Characteristics of pediatric psoriasis outlined
MedWire News: Children with psoriasis usually present with mild disease, predominantly of the plaque type, and boys are primarily affected, indicate the results of a Greek epidemiological study.
Prompted by the lack of epidemiological data for psoriasis in children, Christina Stefanaki and colleagues from Andreas Sygros Hospital in Athens collected information on 125 children diagnosed with psoriasis in the Pediatric Dermatology Unit of the hospital between 2005 and 2008.
These children represented 1.73% of the pediatric dermatology outpatients. The age of the children ranged from younger than 1 year to 13 years, and the peak age of onset was 9 to 10 years old.
The participants comprised 74 (59.2%) boys and 51 (40.8%) girls, at a male to female ratio of 1.4:1.
Only 16% of the patients had a positive family history of psoriasis and 50% of children presented within a month of the developing the disease.
The researchers report in the Journal of the European Academy of Dermatology and Venereology that plaque type psoriasis was the most prevalent type of psoriasis at presentation, affecting 56.8% of the children, followed by scalp involvement, affecting 33.6% of children.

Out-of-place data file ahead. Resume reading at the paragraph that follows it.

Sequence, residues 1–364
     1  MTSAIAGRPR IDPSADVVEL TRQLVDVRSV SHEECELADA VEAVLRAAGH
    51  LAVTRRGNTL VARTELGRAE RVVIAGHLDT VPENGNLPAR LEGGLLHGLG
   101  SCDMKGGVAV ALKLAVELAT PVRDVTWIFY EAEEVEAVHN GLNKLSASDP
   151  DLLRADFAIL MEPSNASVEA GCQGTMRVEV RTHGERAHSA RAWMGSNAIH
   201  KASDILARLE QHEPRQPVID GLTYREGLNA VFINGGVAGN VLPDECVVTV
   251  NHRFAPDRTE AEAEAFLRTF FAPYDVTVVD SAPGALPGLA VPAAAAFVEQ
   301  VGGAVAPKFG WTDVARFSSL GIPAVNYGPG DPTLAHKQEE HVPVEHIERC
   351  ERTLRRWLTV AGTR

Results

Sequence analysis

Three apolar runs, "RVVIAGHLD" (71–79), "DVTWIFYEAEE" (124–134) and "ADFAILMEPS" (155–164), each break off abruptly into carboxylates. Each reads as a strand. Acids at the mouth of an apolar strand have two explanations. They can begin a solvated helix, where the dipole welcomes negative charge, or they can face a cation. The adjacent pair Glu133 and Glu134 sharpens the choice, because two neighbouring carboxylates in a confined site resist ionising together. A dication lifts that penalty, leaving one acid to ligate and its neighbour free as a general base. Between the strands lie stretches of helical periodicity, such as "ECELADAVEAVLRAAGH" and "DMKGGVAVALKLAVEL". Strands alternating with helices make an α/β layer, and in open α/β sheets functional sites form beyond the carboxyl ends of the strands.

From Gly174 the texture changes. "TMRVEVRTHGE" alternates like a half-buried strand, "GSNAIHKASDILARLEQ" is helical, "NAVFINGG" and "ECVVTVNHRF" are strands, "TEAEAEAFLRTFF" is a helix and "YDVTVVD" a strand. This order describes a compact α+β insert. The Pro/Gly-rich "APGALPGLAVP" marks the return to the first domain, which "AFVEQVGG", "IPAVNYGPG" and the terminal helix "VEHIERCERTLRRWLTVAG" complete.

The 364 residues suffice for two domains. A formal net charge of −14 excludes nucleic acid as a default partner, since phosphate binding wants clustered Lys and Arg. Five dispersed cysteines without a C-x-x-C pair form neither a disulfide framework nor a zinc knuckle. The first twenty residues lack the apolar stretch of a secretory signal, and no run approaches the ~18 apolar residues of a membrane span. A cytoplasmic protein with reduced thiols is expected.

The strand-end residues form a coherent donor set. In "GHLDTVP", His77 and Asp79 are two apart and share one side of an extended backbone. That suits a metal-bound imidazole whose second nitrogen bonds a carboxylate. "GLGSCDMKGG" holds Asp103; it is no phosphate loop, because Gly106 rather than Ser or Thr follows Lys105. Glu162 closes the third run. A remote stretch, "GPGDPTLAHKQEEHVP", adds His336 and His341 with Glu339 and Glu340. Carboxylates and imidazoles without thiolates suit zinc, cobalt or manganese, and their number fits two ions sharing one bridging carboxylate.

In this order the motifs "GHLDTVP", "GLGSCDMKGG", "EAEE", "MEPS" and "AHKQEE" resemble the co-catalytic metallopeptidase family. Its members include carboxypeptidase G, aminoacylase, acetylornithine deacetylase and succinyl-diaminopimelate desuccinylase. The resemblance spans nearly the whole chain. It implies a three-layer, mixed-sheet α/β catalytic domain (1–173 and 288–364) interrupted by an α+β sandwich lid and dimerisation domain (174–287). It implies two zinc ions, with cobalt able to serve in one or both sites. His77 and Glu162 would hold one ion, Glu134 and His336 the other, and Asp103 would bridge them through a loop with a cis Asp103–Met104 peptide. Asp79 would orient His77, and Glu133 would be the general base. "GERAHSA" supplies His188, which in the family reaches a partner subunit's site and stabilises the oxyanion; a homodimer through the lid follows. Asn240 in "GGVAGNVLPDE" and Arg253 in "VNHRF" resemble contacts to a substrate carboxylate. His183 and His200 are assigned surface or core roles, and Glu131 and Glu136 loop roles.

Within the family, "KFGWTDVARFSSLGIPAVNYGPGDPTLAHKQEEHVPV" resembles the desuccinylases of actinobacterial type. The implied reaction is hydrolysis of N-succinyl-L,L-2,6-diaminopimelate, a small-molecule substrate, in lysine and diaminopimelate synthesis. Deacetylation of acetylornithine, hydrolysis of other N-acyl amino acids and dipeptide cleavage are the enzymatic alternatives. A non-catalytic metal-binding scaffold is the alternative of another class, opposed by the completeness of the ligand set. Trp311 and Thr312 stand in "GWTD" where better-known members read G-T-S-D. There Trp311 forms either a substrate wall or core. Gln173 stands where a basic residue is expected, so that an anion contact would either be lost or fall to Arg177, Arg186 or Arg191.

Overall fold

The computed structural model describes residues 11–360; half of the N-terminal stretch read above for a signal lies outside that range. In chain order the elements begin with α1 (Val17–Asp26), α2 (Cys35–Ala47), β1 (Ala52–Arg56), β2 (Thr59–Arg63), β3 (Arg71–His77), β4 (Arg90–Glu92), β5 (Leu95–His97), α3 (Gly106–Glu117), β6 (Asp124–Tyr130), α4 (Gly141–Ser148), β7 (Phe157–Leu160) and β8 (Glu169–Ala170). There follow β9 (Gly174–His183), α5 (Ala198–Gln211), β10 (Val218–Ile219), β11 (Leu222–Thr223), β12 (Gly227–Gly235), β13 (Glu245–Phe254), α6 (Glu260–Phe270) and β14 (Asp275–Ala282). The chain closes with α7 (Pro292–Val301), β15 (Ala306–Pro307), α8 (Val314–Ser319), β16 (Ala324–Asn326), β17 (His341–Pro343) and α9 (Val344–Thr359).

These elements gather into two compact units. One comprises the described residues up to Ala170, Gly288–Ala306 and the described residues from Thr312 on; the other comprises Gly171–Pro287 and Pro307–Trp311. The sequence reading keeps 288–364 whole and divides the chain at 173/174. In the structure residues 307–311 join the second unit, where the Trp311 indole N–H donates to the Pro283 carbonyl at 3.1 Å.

The limbs were the most common site of involvement, as seen in 56% of children, followed by the body (47.2%), and scalp (48.0%).
Stefanaki and colleagues note that most (53.2%) of the children present with mild disease, affecting less than 5% of their skin, while 33.9% of children had 6-10% skin involvement, 9.7% had 11-20% involvement, and only 1.6% presented with severe disease affecting 21% of the skin or more.
The age at which a child developed psoriasis had no bearing on the severity of the disease, whereas disease severity was positively correlated with gender, in that boys had a greater percentage of skin involvement than girls.
Topical steroids were the most common form of treatment, used by 98.4% of children, followed by keratolytics (49.2%), calciportiol (48.4%), and topical tacrolimus and topical pimecrolimus (0.8% and 6.5%, respectively).
Systemic antibiotics were only given one child with guttate psoriasis, while another child with plaque psoriasis needed ultraviolet B phototherapy.
The researchers conclude: "Our study reflects the patterns of presentation of childhood psoriasis in sunny countries like Greece."
But they add that "the diversity in presentation of a rare disease such as childhood psoriasis can be considerable even in sunny countries like Greece."
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By Lucy Piper